Learning to play in the altissimo (extreme upper) range of the saxophone requires patience, mostly on the part of the player, but also for whatever unlucky souls are forced to listen to your squawking. Progressing from squeaks to music is a process, but there are basic principles that should be isolated if you want to learn to control this demanding range of the …read more
In the past, I’ve used various pieces of software to alter the tempos and keys of recordings. Whether I want to slow something down to more easily transcribe a passage, or work on playing in different keys, the process involves (1) uploading said track so some program (i.e. Audacity, SlowGold, etc.), (2) finding the …read more
“…it’s so hard to describe music other than the basic way to describe it – music is basically melody, harmony and rhythm – but I mean people can do much more with music than that. It can be very descriptive in all kinds of ways…”
~Charlie Parker from an interview conducted by Paul Desmond (1954)
The more I ponder Bird’s fundamental decomposition of music, the more I discover how aptly anything musical can be described by its harmony, melody, and rhythm. There’s still that lingering, intangible “much more,” the part that gives music meaning. But let’s save the “much more” for another post…
As improvisers, we …read more
As some of you may be aware, my day job is in mobile app software development. So, when I come across useful, intuitive apps that actually help me solve real problems that I face as a musician, I get really excited!
I’ve been using Pitch Primer and Time Guru with some regularity for over a year now. I recently also came across Double Time, and let’s just say it’s revealing …read more
Back in the late 60’s and 70’s, fourths were the hippest thing since sliced bread. Jazz entered the age of treble-heavy bass and electric fusion, and musicians were overlaying fresh-sounding (at the time) intervallic fourth patterns over all sorts of funky modal groove tunes.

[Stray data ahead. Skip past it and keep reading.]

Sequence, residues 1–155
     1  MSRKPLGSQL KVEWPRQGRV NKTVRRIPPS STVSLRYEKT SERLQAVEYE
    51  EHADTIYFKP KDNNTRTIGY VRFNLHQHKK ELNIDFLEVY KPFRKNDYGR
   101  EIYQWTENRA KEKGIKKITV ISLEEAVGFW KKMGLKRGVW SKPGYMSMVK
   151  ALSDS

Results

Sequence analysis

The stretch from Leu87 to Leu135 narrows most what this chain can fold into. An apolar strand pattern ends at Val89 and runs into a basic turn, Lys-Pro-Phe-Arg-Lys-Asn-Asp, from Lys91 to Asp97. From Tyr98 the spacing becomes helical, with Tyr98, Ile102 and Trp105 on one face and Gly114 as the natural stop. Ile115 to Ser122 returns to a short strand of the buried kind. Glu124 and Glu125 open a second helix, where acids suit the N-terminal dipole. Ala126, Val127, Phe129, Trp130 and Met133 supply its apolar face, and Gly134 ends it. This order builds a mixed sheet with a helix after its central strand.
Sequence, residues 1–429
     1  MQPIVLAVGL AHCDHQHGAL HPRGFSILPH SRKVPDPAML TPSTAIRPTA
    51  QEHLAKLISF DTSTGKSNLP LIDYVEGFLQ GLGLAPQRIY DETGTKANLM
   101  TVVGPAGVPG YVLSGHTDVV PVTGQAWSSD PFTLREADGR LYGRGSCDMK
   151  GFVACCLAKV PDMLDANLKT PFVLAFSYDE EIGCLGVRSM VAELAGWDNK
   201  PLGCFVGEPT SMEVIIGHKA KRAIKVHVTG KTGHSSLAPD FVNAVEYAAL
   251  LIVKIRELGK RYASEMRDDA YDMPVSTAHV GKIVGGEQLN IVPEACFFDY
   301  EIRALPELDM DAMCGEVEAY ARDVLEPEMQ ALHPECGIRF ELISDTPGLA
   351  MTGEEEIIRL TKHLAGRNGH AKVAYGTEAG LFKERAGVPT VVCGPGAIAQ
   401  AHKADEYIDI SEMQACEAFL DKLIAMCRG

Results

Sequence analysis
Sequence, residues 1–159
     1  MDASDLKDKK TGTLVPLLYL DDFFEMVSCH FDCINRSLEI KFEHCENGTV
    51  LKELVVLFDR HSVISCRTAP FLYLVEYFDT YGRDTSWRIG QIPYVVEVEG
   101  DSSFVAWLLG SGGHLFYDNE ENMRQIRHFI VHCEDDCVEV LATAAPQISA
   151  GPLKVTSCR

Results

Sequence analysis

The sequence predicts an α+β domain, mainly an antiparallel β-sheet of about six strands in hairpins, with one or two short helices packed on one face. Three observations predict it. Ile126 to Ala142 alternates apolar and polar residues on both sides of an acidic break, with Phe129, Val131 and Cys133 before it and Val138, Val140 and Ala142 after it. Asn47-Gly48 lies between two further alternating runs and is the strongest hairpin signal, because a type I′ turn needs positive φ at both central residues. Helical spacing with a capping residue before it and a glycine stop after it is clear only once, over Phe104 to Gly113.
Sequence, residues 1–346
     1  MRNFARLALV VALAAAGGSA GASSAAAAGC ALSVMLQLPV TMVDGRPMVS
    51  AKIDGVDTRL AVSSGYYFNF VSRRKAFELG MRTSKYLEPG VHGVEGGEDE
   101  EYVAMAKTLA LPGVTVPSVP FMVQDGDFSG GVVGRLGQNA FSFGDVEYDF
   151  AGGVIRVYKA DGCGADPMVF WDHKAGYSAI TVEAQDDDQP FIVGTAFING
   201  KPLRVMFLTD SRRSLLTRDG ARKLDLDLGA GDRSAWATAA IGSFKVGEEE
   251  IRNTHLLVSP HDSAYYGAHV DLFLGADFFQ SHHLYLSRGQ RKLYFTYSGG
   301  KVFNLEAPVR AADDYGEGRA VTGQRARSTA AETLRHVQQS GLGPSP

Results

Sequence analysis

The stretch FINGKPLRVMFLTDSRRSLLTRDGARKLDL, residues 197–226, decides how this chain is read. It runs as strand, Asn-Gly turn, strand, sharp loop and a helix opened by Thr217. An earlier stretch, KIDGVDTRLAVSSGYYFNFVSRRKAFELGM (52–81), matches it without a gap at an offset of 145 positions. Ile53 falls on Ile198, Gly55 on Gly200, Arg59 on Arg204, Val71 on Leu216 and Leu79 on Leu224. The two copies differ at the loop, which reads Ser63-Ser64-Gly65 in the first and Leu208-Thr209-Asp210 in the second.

But fourths are so much more than just a few licks to plug in. Let’s explore the harmonic and intervallic possibilities the …read more
Tunes are our shared language. One of the most beautiful and unifying aspects of jazz is this common musical familiarity that enables any group of seasoned musicians to get together and immediately start making music. I’ll cover the pros and cons of learning tunes as well as the right approach to building a solid base of tunes in your arsenal. At the end I give …read more
In case you didn’t already notice, this is a blog, thus I’m going to try to use an infographic to communicate an idea. Read below the graphic for more information.
As a saxophone player I’ve transcribed many, many saxophone solos. When you’re starting to learn jazz, transcription is …read more
I’ve been obsessed with harmony lately. Those of you who read my last analytical post on harmonic discipline might have guessed as much (yes, I still owe a follow-up to that post, and it’s coming soon!). Specifically, I’ve been experimenting with ways to expand my harmonic vocabulary.
Transcription: a place to start
You know those points in a solo where one of your idols plays …read more
When you hear John Coltrane, you immediately know it’s Trane. It’s not the notes he’s playing or his dazzling technique that makes him sound uniquely like himself. It’s his sound. Every jazz musician, at some point, ventures into the abyss in search of their own, unique sound. Your sound is what makes you, well, you. But where do you start?
Let’s begin by …read more
Jazz improvisation is inherently subjective. What makes one solo “better” than any other is often a matter of taste, a preference for a given style. But while articulation, swing feel, and phrasing vary wildly from one great player to the next, every noteworthy improviser is able to effortlessly demonstrate a …read more